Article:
Balanced on the edge of an armchair in the basement of Vassar College’s student center, Eduardo de la Torre is explaining his senior thesis: an exploration of the social construction of technology. The soon-to-be graduate, bouncing on the heels of his grey suede sneakers, looks ready to spring out of his seat as he articulates ideas with frenetic energy, barely able to express connections he’s observed before the next thought sparks. As a fellow Vassar graduate, I feel myself lulled back into a comfortable mode of intellectual discourse, reminded of the fact that de la Torre is a combat Army veteran, and that we’re sitting in a brand new student-veteran lounge, only when he relates his critique of applied economic theory to the difference between a battle’s expected conditions and its reality.
“I joke with my Army buddies, I tell them [theory] is like the plane that gets you there,” the 36-year-old former paratrooper, who deployed to Iraq for the 2007 surge, said. “But once you jump out of the plane, everything else is different on the ground. That’s how you have to look at economics.”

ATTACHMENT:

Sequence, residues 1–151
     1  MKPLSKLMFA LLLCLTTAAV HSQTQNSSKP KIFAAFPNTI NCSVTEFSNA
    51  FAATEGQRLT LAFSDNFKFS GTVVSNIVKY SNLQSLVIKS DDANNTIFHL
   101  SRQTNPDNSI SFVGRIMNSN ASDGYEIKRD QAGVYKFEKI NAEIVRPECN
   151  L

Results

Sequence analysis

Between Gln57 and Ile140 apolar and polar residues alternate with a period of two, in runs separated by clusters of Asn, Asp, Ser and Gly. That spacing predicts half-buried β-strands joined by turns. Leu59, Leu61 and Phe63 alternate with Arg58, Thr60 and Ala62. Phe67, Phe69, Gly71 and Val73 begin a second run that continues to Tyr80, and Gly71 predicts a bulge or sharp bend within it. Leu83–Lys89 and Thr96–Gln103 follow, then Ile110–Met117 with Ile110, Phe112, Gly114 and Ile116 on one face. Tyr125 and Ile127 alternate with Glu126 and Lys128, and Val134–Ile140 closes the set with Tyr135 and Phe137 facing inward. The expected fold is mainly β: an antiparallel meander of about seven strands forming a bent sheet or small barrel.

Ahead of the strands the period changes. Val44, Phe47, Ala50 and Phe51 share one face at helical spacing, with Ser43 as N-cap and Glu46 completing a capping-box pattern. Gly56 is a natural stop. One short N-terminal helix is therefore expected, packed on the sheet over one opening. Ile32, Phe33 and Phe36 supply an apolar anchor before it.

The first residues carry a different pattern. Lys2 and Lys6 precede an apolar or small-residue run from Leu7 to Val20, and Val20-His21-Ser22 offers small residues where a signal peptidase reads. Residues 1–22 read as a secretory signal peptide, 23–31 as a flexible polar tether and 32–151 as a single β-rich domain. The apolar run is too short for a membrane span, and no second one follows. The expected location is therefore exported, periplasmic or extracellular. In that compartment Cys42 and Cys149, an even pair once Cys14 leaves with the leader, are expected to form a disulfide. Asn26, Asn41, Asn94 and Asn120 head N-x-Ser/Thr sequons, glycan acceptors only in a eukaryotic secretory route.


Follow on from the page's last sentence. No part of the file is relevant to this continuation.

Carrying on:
Hardly any Vassar student could have arrived at this analogy until four years ago, when de la Torre and 10 other United States military veterans embarked on an experiment Vassar was leading among small, selective liberal-arts colleges: to seek out and enroll vets. In partnership with the Posse Foundation, a nonprofit with a successful track record of connecting students from underrepresented backgrounds with elite schools, Vassar enrolled its first cohort of veterans in the fall of 2013. The results of this effort became clearer in May as five of those student-veterans, including de la Torre, graduated after spending the traditional four years on campus.